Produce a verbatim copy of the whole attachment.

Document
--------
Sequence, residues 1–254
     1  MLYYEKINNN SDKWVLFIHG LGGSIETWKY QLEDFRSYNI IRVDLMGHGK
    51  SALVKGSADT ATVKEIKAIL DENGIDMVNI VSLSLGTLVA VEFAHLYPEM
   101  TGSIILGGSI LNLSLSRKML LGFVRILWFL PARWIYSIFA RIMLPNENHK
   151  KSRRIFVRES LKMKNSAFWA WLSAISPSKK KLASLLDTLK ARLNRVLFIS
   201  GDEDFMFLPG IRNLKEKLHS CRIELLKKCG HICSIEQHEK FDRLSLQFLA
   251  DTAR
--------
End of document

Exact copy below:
Sequence, residues 1–254
     1  MLYYEKINNN SDKWVLFIHG LGGSIETWKY QLEDFRSYNI IRVDLMGHGK
    51  SALVKGSADT ATVKEIKAIL DENGIDMVNI VSLSLGTLVA VEFAHLYPEM
   101  TGSIILGGSI LNLSLSRKML LGFVRILWFL PARWIYSIFA RIMLPNENHK
   151  KSRRIFVRES LKMKNSAFWA WLSAISPSKK KLASLLDTLK ARLNRVLFIS
   201  GDEDFMFLPG IRNLKEKLHS CRIELLKKCG HICSIEQHEK FDRLSLQFLA
   251  DTAR